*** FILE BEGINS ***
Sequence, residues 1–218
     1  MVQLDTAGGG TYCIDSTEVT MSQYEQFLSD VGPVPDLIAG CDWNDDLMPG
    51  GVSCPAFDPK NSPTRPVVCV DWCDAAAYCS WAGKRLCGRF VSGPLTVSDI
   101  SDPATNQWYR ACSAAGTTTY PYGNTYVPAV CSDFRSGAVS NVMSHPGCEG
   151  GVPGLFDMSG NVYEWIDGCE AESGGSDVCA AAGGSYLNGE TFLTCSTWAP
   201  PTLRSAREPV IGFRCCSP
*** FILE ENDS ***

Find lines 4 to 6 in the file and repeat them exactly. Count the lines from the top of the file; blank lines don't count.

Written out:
   101  SDPATNQWYR ACSAAGTTTY PYGNTYVPAV CSDFRSGAVS NVMSHPGCEG
   151  GVPGLFDMSG NVYEWIDGCE AESGGSDVCA AAGGSYLNGE TFLTCSTWAP
   201  PTLRSAREPV IGFRCCSP